Designed in the Postmodernist architectural style, this mansion located in Denver, Colorado is a massive mansion commissioned by Cable TV pioneer Bill Daniels. The mansion was named Cableland after Daniel’s work of innovation in cable television on the west coast. Taking up some 19,500 square feet, it is one of the few homes remaining designed in the Postmodernist style. Externally designed by Lawrence Pepper, and internally designed by Andrew Gerhard, the mansion is a time capsule of the 80's, with most of the old technology still intact. In 1998, Daniels donated the mansion to the city for use as a home for the Mayor of Denver, but to date, no Mayor of Denver has stayed in the mansion. Instead, the building is used to host fundraising meetings and events, generating millions for charity each year. In 2019, the building was officially classified as a historic landmark of Denver.
Backstory and Context
Built for Cable TV billionaire Bill Daniels, Cableland stands as one of many mansions that exist in the greater Denver area, unique for its Postmodernist Architecture. It was built between 1986-1987 by architect Lawrence Pepper and interior designer Andrew Gerhard. Originally, the plot of land that the mansion sits on was bought by Daniels and his wife in 1967; this purchase was initially two buildings that were then combined into a single dwelling. In the 1980s, Daniels hired Gerhard and Pepper to remodel this combination building into a grander piece of work that would become Cableland.
The building itself cost Daniels over $8 million to construct, with money being no expense to him. In his career, Daniels was an early pioneer in cable television, starting one of the earliest cable operations in 1952. To back his new business Daniels also began a career as a financial broker, setting up a financial network and making financial deals with other members of the cable industry at the time.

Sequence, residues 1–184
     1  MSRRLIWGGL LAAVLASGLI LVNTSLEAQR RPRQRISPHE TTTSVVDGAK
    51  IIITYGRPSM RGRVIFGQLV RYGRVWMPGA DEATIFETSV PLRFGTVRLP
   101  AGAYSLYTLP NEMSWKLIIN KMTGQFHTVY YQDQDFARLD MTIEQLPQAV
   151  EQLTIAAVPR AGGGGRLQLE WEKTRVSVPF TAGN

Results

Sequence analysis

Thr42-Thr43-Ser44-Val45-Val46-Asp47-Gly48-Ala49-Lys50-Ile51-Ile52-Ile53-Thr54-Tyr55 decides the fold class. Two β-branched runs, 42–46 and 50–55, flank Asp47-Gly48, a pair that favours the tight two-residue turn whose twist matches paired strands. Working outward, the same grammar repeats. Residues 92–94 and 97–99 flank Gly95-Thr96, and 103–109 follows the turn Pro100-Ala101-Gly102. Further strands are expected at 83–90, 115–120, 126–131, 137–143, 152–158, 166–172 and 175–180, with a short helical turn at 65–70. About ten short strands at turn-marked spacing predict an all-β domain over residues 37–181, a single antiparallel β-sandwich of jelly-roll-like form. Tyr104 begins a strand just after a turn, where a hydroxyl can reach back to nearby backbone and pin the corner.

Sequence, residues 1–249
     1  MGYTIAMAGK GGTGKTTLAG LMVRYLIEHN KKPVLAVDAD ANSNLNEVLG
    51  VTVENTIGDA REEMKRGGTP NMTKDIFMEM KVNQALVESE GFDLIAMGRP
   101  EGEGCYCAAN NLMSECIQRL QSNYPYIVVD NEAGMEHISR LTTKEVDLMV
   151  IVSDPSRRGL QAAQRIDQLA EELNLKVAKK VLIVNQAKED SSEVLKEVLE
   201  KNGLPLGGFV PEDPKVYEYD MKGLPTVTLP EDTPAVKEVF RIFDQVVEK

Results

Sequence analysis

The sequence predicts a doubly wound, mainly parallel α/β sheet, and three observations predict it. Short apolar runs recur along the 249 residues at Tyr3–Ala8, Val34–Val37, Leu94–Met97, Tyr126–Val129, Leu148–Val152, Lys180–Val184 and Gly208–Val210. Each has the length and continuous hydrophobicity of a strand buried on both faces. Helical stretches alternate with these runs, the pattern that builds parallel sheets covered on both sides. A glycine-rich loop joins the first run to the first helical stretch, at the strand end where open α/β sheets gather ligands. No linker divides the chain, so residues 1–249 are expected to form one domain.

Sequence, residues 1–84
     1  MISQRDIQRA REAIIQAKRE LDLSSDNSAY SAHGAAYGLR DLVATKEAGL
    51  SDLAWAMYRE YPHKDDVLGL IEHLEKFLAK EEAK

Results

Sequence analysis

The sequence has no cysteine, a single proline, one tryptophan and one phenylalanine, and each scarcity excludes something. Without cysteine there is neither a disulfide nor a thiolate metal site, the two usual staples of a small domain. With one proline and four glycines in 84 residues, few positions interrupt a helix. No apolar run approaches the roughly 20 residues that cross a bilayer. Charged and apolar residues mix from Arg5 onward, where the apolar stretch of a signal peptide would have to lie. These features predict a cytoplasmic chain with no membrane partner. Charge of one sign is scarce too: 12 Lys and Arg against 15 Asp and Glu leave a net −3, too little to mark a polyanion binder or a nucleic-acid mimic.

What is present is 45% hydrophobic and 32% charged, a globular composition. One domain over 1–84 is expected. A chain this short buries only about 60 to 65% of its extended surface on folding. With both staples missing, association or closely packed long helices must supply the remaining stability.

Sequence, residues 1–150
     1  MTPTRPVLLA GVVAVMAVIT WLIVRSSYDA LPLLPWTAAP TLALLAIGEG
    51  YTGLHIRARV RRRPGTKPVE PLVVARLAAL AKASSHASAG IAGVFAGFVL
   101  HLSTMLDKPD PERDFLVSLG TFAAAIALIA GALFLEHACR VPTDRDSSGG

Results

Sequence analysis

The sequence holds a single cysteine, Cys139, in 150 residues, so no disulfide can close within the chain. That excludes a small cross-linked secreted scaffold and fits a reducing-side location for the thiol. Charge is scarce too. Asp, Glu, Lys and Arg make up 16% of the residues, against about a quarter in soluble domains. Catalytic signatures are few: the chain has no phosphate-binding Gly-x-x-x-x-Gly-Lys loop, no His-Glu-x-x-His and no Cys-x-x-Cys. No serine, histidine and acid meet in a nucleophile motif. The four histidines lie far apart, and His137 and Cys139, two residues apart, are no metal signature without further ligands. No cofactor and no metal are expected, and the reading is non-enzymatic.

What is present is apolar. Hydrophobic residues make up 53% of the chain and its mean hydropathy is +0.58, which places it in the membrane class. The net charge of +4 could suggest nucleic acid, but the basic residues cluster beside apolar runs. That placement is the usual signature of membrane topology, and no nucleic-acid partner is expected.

From its completion, Daniels used Cableland as a venue to host charity events and parties, loaning the space to various charities and organizations under Daniel’s ownership. Between September 1987 and December 1988, over $3 million was raised for charity organizations by events hosted in Cableland. Eventually, Daniels saw fit to donate the building to the city of Denver for use as a residence for the Mayor of Denver. The building was reluctantly accepted by the Denver city council, though no Mayor has since used the mansion as a place of residence.
Today the mansion still sees use as an event venue for the city and as host to meetings for charitable organizations, being used for many fundraisers. Since 1986, $20 million has been raised at events hosted at the mansion. In 2019 Cableland was recognized as a local landmark for the city of Denver by the Landmark Preservation Commission.
Bill Daniels Bio, Cableland. Accessed November 17th 2020. https://www.cableland.org/bill-daniels-bio.
Cableland Foundation. Application for Landmark Designation, Denver Gov Landmark Preservation Commission. January 1st 2019. Accessed November 17th 2020. https://www.denvergov.org/content/dam/denvergov/Portals/646/documents/landmark/designations/Cableland_Landmark_Designation_App_signature%26photos.pdf.
Cableland Official Residence of the Denver Mayor . Accessed June 23rd 2020. https://www.cableland.org/in-the-news/denvers-cableland-now-historical-landmark.
Gounley, Thomas. Council poised to dub ‘Cableland’ a landmark, giving mayoral mansion another layer of protection, Business Den. April 16th 2019. Accessed June 23rd 2020. https://businessden.com/2019/04/16/council-poised-to-dub-cableland-a-landmark-giving-mayoral-mansion-another-layer-of-protection/.
Morfitt, Karen. Denver’s ‘Cableland’ Now Historical Landmark, CBS 4 Local News. May 2nd 2019. Accessed June 23rd 2020. https://denver.cbslocal.com/2019/05/02/denvers-cableland-now-historical-landmark/?fbclid=IwAR1I0HoIL6J1R5anL5_gykDDDmrMlREFmPpqLANWTjdsMUk3wFqkCzgVhcg&utm_campaign=true_anthem&utm_content=5ccc3b6ce506e70001072cf2&utm_medium=facebook&utm_source=social.